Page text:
Every semester, when I get to the section of my class where I discuss landmark cases, I see my students automatically groan and yawn as they fall asleep. I am not a lawyer, and I don’t try to be. However, cases are still very important in every criminal justice course, even 101!
How can we make this a little more fun?
I don’t view the cases as cases. They are storytelling to me.
The case notes should not be placed on the board. The name of the case should be written on the board or in your PowerPoint. Mapp v. Ohio is an example of one of my favorite cases.
All my students see on the screen is Mapp v. Ohio. Perhaps a picture.
I walk up to the front of the class, and I even say “Now let me tell you something.” I want them listen to me, not write notes behind me on the board. This is vital.
Here’s my story.
Dollree Mapp is the woman in this photo. Dollree Mapp was visited by three officers in Cleveland, Ohio in May 1957. They weren’t looking for her; they were looking to find a man to inquire about a bombing. Ms. Mapp refused to let the officers into her home. Instead, she requested a warrant which they were unable to produce. They soon returned with additional officers, who presented her with a piece of paper that they claimed was a search warrant. Dollree knew better. However, when she took the paper from the officers, they quickly handcuffed Dollree and searched her entire home looking for the man.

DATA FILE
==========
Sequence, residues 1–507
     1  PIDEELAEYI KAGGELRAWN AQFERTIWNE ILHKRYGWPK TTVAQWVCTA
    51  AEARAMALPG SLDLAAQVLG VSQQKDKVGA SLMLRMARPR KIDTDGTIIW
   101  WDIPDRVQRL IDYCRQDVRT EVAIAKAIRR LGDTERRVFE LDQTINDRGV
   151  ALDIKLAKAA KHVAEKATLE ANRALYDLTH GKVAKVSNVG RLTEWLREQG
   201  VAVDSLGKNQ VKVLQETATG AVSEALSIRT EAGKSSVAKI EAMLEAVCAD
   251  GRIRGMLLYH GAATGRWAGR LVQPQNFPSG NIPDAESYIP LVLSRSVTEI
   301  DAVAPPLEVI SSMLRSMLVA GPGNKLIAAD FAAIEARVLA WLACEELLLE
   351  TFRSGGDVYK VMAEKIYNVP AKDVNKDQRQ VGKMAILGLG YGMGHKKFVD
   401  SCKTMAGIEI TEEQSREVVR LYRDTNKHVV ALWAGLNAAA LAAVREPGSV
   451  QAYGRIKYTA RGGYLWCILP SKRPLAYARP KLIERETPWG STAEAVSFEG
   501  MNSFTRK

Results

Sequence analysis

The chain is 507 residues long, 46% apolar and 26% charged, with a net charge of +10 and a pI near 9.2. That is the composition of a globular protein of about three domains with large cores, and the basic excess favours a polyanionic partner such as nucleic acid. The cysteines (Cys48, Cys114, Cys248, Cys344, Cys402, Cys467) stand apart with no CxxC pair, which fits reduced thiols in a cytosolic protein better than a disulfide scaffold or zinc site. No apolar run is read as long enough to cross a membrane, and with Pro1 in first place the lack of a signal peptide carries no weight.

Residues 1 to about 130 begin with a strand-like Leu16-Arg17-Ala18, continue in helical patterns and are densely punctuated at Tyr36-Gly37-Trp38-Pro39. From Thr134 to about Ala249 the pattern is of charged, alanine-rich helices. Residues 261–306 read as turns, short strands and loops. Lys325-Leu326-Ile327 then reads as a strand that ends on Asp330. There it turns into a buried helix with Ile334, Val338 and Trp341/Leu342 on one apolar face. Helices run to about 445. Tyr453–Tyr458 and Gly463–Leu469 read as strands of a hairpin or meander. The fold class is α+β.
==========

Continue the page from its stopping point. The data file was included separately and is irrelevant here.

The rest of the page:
They eventually found their way to the basement where they discovered some naughty material. Dollree was arrested by the officers, even though she claimed that the pornography was not hers. She was convicted of obscenity. Her case was eventually taken to the supreme court. It seemed to challenge first amendment rights, yaknow, porn and all. In June 1961, however, the justices ruled that it was not a first- amendment issue but a fourth- amendment issue. The justices ruled that the materials were illegally obtained by police and could not be used against Ms. Mapp in court. This landmark decision is still referred back to today. ”
It doesn’t have to be boring. My students retain the information by telling the story and putting a face on the name. Talk about any other issues you may have. For example, race relations, gender and the difference between an arrest warrant and a search warrant.
Your students will be interested in your stories and you should be prepared to answer any question. You won’t have the time to answer every question for all the cases that you must discuss. I promise, if you do it for the most important cases, they will remember.